None of these strategies is a guarantee of success. And with such a slim majority, there is also the possibility, if remote, that the Republican Party loses power altogether because a few of its members resign or die in office or one or more members leave the party. In 1930, enough of the G.O.P.’s lawmakers passed away and were replaced by Democrats in special elections that the party was robbed of its majority.
In 2001, Senate Republicans failed to heed the warnings of Senator Jim Jeffords of Vermont that he would leave the Republican Party. When he did, control of the Senate flipped to Democrats.
Even if Republicans don’t lose power this way, the conditions are far from ideal for House Republicans to take advantage of being a governing party. Don’t be surprised if the next two years in the House of Representatives are more soap opera than substance.
But if the party remains in charge in the House and can assuage its right flank, its leaders should take steps to temper expectations, protect their authority and be open to working with Democrats if they hope to build a record of legislative success in what will be a challenging political environment.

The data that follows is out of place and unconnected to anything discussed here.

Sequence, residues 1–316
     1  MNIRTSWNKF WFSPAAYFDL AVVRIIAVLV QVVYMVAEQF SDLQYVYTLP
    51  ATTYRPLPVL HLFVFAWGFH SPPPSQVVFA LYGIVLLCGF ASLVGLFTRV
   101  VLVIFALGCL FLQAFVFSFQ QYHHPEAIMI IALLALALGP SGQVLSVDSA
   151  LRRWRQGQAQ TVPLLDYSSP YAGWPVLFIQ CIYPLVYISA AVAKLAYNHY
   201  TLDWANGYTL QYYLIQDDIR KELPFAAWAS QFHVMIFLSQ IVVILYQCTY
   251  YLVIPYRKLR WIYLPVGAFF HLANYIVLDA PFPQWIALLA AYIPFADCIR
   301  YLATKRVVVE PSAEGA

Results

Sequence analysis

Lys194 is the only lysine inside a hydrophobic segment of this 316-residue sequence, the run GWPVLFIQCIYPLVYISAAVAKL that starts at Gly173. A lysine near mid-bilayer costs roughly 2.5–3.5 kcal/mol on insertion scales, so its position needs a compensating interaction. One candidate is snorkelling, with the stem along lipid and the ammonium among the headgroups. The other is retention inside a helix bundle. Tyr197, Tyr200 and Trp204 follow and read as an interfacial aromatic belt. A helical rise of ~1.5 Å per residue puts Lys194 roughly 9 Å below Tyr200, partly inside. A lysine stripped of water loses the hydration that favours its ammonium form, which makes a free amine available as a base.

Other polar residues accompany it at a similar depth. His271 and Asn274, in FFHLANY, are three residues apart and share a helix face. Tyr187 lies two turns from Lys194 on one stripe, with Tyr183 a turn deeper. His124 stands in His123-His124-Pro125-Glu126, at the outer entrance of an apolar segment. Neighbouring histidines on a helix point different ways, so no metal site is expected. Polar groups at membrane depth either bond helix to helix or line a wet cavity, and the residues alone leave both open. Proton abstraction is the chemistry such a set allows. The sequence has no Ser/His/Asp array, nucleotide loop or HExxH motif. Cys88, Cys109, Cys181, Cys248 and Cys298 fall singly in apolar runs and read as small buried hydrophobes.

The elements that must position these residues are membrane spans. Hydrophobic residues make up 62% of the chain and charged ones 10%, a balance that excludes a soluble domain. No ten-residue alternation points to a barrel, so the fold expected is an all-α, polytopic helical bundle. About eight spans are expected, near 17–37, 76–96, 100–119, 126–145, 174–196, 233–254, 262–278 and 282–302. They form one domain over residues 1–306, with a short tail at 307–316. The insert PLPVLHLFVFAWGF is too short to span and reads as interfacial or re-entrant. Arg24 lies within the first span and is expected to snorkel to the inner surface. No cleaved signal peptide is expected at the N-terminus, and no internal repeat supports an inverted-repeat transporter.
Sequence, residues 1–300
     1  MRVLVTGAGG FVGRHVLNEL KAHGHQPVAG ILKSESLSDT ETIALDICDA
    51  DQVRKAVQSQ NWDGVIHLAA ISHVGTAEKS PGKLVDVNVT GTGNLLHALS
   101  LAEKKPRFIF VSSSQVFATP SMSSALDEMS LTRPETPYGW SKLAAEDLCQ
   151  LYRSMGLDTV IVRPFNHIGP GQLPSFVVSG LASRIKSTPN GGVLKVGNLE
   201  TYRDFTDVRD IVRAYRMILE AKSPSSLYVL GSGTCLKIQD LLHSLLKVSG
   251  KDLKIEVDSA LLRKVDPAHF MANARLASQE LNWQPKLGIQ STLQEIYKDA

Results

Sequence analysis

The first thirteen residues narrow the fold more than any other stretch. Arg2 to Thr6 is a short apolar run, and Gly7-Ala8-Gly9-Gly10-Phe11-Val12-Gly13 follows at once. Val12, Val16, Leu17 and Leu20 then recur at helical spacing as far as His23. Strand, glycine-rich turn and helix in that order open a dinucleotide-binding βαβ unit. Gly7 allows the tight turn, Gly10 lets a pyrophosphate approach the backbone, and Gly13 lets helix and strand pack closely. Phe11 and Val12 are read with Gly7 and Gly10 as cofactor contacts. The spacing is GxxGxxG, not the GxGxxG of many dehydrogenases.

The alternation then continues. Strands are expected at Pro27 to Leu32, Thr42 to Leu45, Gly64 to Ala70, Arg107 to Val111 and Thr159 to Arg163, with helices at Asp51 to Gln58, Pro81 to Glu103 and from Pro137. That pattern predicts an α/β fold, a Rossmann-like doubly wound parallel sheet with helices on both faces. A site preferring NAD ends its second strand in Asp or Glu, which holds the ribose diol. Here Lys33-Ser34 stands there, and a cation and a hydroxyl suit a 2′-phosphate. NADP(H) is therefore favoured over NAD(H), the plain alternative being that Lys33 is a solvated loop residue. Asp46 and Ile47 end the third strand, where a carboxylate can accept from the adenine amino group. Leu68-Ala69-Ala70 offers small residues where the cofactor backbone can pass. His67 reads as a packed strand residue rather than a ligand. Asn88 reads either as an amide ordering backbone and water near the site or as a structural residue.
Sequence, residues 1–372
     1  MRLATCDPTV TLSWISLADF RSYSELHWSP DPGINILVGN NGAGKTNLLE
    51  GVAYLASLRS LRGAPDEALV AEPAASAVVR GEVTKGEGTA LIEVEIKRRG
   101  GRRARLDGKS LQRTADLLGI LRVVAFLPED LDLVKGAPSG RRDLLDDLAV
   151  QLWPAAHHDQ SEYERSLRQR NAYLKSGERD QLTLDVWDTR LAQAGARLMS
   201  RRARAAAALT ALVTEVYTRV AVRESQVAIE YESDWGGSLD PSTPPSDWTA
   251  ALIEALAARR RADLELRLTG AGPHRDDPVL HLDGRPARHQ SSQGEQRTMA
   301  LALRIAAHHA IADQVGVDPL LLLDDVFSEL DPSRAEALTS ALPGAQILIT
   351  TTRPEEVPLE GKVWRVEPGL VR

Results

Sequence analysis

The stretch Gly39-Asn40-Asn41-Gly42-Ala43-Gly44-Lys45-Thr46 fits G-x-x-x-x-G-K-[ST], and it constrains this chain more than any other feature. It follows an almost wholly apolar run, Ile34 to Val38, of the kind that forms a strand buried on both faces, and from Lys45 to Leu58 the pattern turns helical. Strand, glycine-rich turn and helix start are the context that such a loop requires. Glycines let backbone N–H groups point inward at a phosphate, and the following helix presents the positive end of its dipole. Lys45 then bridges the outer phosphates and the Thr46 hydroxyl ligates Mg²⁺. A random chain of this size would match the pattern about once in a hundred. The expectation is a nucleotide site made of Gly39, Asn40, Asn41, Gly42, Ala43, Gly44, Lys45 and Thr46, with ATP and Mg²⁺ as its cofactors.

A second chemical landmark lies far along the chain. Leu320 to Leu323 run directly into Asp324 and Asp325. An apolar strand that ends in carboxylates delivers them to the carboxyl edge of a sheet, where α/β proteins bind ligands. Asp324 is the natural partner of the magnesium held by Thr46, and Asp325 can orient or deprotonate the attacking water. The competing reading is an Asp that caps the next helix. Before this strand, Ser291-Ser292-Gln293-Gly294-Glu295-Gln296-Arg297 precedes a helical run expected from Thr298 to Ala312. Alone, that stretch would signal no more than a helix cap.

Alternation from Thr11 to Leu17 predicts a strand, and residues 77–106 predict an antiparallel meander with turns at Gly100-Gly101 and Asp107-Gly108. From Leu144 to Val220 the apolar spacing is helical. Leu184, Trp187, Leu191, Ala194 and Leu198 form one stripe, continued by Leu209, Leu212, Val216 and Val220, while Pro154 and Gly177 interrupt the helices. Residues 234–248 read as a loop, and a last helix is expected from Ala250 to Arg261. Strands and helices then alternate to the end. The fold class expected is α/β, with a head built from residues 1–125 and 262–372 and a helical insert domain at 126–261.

The Senate on Tuesday passed the Respect for Marriage Act, which would enshrine marriage equality in federal law, granting protections to same-sex and interracial couples.
The bill passed in a 61-36 vote, with 12 Republicans joining Democrats to vote for it. Three senators did not vote. The bill includes a bipartisan amendment that clarifies protections for religious liberties, and it will now return to the House for another vote before it can go to President Biden to sign into law.
The 12 Republican senators who voted “yes” were Roy Blunt (Mo.), Richard Burr (N.C.), Shelley Moore Capito (W.Va.), Susan Collins (Maine), Joni Ernst (Iowa), Cynthia M. Lummis (Wyo.), Lisa Murkowski (Alaska), Rob Portman (Ohio), Mitt Romney (Utah), Dan Sullivan (Alaska), Thom Tillis (N.C.) and Todd C. Young (Ind.).